What is Loctite and Anti-Seize?
Loctite is the brand name of an adhesives company that has become synonymous with chemical threadlocker. Anti-seize is also a common chemical compound added to threads during assembly, for a different, yet equally important purpose. “What type of Loctite do I use” or “Should I use anti-seize on this?,” are both common questions we hear at Touratech. With a broader knowledge of each product, one can smartly apply the correct compound. I will try to give a brief overview of both and some common examples to help answer these questions, and clarify their usages.
Simply put, Loctite is for when you don’t want things to come apart. It quite literally hardens to lock the threads together, insulating the fastener from the effects of vibration that might conspire to loosen them. Motorcycles, especially single and twin cylinder machines tend to vibrate a bit, you can feel it, and it is also felt by the scores of fasteners found throughout the motorcycle. Loctite is available in dozens of forms and strengths, including some special forms for things like high temperature. The two most common forms are liquid or paste, with the paste being in a glue stick type applicator. I find the glue stick type paste to be the easiest to use, and with less product wasted. The two strengths most called for in motorcycle applications are medium (blue) and strong (red). A quick word of warning, the packaging may not always reflect the strength.
This is the general purpose version, nothing special needs to be done to remove the fastener. This can be though of as the equivalent to a nyloc nut. I always keep a stick of this in my toolbox.
Red: High Strength: This type of Loctite is largely for special applications. I have seen it used for flywheel or clutch retaining bolts, but often even then it is still the blue type. Heat or an impact driver is often called for to remove fasteners treated with this type of Loctite. I honestly do not remember the last time I used red Loctite.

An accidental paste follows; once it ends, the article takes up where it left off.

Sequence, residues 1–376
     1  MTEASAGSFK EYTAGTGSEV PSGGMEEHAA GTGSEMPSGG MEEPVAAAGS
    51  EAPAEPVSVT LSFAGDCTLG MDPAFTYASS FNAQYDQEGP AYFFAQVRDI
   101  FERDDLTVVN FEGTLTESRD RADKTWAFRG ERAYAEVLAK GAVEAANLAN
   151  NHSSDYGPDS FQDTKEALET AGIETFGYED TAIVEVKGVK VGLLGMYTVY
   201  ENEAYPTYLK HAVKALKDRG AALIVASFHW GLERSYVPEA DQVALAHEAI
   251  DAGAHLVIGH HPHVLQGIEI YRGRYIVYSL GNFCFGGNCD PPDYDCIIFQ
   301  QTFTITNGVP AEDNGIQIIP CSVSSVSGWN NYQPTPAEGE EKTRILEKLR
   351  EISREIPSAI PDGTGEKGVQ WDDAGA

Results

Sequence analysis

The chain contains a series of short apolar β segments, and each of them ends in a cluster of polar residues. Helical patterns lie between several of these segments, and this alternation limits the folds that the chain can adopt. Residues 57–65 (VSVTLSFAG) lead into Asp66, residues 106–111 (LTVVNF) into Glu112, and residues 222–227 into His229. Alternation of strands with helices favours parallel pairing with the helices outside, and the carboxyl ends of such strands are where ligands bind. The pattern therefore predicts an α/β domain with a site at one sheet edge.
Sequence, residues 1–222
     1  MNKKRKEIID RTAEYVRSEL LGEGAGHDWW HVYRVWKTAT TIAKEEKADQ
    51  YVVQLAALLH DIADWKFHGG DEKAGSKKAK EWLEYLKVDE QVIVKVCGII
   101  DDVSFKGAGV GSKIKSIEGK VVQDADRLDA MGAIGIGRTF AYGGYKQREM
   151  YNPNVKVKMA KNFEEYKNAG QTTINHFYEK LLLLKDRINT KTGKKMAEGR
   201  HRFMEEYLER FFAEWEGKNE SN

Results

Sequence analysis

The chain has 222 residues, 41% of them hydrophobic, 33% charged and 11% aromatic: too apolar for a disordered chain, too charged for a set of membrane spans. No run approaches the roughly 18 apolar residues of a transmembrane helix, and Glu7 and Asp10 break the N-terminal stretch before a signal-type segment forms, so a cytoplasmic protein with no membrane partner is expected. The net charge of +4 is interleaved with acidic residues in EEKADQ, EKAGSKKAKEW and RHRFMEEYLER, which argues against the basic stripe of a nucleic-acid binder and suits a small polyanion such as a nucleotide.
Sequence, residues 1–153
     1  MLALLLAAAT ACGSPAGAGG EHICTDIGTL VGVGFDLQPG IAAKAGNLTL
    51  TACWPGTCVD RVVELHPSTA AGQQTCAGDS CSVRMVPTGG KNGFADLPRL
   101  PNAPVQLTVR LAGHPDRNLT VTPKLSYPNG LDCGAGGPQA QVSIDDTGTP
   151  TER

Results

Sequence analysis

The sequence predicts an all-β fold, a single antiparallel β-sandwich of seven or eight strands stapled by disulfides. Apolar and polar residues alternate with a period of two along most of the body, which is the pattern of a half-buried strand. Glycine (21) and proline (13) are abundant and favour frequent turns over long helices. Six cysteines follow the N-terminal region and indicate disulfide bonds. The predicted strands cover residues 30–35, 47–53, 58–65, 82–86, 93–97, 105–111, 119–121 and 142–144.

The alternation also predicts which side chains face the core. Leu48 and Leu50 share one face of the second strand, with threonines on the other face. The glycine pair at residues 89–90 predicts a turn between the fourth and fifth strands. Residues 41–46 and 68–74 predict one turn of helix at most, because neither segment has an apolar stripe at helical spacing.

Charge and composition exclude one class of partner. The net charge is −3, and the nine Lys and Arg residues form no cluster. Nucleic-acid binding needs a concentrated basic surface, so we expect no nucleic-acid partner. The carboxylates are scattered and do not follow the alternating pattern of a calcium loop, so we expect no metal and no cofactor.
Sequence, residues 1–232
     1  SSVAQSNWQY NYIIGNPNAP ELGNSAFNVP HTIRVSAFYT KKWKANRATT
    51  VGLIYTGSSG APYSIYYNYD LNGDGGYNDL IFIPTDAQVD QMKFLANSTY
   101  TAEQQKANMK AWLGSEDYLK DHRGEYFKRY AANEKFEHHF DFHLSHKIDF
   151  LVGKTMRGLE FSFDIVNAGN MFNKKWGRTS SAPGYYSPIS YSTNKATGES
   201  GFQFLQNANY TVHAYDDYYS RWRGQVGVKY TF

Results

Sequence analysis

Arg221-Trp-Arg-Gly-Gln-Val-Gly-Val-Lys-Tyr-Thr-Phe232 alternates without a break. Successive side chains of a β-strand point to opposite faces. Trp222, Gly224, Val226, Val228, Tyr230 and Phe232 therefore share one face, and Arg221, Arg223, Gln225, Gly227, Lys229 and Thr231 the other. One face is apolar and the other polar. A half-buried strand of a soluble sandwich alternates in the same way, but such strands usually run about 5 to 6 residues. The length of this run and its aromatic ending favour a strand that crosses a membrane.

Anti-seize is used to lubricate and protect surfaces (generally threads) from corrosion.
With stainless steel hardware (like found on most Touratech accessories) it is required to prevent galling on the threads. Galling is when the metal heats up due to friction, little parts of the threads break loose and jam the nut and bolt making them effectively on piece. The pins that brake pads ride on are an often forgotten use for Anti-Seize. In this case, it is largely for corrosion prevention. If a brake pad gets caught up on the pin it can cause a dramaticly reduced function in the brake.
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About the Author
Eric is an incurable motorcycle nut. He’s owned everything from scooters to vintage motocross bikes and now spends much of his time riding and talking about adventure motorcycles. If you have been to the Touratech store in Seattle or called the offices, chances are you’ve talked to Eric. Eric recently came in second place in the adventure class at the Desert 100 Race. He’s a key part of the Touratech race team and when he’s not at the local Harescramble or Enduro event he can be found roaming the Cascade mountains on his KTM 950 looking for new routes for the Touratech Rally.